In the third and final set of that gripping battle, Nadal was hard pressed all the way before gaining the victory. Djokovic was rocking the Spaniard back on his heels with the depth and severity of his ground strokes off both sides, and was returning serve mightily. Only a crucial tactical adjustment enabled Nadal to win that match. At 3-3, 0-30 in the third set, having been burned repeatedly by Djokovic”s scorching returns off wide serves, Nadal started serving forcefully into his opponent”s body on the forehand side. The “body serves” made all the difference. Nadal kept holding until 5-4, and then Djokovic imploded under pressure in the final game, missing an easy overhead at match point down. Nadal prevailed 6-4, 1-6, 6-4, but Djokovic acquitted himself well in defeat, and went on to win the bronze medal by toppling James Blake for third place the following day. The 2007 U.S. Open finalist will be exceedingly tough to beat in New York.
What about Federer? After the Swiss maestro fought back gallantly from two sets down and came within two points of victory against Nadal in the Wimbledon final, I thought he might raise his game decidedly on the hard courts. That has not been the case. In his opening round match of his first post-Wimbledon event in Toronto, Federer lost inexplicably to Gilles Simon. He led 3-1 with a break point for 4-1 in the final set of that match, but mishandled a backhand volley. Simon rallied to 3-3 but Federer broke again for 4-3. Remarkably, he never won another game, bowing 2-6, 7-5, 6-4. In the final game of that match, Federer lost his serve at love on four consecutive unforced errors— three of them off the forehand side. What an uncharacteristic collapse that was.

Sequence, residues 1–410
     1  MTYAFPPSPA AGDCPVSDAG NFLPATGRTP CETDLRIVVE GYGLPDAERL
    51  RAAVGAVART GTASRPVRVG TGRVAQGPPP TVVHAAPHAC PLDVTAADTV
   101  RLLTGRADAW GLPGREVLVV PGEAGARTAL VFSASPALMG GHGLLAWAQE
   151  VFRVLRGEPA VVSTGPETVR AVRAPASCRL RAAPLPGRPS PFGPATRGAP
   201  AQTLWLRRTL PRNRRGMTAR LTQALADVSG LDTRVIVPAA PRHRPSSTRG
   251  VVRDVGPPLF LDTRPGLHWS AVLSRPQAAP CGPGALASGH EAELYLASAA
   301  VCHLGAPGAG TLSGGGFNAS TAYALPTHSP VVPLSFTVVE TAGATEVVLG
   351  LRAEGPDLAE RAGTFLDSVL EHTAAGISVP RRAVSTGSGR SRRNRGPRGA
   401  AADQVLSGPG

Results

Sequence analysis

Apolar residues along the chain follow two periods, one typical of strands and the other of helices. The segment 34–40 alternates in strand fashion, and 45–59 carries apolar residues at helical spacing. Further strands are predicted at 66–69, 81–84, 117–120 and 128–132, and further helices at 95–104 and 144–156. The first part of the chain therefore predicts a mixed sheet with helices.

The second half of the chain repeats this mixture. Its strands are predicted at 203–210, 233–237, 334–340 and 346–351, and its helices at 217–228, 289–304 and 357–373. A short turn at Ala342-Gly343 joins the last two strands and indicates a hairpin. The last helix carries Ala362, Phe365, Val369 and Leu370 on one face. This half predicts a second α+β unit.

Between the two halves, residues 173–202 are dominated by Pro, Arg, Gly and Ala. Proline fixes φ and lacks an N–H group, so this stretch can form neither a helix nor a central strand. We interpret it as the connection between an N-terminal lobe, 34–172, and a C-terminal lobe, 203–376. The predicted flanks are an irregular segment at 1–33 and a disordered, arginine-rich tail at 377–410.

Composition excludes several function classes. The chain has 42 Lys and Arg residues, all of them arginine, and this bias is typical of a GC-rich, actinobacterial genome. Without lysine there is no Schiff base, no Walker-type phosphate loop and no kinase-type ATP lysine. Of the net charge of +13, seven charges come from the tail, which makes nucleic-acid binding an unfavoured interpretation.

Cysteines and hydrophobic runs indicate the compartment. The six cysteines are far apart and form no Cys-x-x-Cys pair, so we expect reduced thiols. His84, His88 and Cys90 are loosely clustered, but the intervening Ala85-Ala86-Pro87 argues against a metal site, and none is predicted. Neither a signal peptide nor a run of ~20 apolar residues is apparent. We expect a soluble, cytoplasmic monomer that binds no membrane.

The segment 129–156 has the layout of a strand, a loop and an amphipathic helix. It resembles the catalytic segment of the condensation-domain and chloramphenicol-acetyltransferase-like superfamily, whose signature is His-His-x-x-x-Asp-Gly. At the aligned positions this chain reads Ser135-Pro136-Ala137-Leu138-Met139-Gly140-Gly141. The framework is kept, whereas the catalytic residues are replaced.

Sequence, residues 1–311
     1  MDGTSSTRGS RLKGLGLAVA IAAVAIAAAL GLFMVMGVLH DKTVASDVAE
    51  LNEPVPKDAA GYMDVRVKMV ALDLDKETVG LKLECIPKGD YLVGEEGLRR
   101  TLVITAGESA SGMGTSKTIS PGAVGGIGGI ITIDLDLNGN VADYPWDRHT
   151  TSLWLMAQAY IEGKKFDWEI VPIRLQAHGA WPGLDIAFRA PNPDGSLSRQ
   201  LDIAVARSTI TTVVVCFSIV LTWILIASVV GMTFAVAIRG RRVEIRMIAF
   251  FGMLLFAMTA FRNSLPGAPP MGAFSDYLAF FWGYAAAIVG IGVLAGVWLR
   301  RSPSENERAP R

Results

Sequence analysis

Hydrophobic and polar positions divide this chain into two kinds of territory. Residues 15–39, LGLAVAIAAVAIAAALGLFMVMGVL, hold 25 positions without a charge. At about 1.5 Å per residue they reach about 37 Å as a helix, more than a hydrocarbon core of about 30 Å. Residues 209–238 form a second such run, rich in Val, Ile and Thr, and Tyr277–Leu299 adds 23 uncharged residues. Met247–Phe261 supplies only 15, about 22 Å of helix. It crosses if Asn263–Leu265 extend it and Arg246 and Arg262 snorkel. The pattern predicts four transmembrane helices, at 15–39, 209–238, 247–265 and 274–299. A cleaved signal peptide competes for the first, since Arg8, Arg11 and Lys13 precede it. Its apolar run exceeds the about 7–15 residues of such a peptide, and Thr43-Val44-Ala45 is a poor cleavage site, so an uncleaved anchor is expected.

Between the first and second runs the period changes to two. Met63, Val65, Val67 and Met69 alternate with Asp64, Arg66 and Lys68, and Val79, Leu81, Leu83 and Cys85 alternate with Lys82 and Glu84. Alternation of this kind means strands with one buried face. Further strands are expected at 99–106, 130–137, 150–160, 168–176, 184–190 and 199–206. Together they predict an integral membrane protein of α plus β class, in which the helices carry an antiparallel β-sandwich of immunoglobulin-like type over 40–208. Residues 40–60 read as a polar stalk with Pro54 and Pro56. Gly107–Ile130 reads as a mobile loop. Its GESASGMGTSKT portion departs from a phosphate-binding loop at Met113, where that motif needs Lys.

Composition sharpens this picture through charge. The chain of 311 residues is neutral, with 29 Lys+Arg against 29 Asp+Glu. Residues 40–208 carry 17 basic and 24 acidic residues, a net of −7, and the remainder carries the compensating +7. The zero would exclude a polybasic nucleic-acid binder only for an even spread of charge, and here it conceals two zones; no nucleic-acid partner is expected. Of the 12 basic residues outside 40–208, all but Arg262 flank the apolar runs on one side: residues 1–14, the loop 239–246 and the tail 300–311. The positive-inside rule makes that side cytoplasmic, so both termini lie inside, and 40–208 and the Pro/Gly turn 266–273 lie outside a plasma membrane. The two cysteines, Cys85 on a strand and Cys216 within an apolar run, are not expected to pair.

Having lost in Canada right off the bat, Federer went to Cincinnati in search of confidence and a run at the title. But he struggled hard there. Robby Ginepri served for the match against Federer but Federer got out of that one. But then he lost to Ivo Karlovic for the first time in seven career head-to-head clashes. The 6″10″ Croatian won 7-6 (6), 4-6, 7-6 (5). Federer never lost his serve in the match, and played reasonably well. But in the two tie-breaks, Karlovic gave nothing away and Federer missed some crucial second serve returns, including one at match point down. Coming into that contest, Federer had won eight of nine career tie-breaks against Karlovic.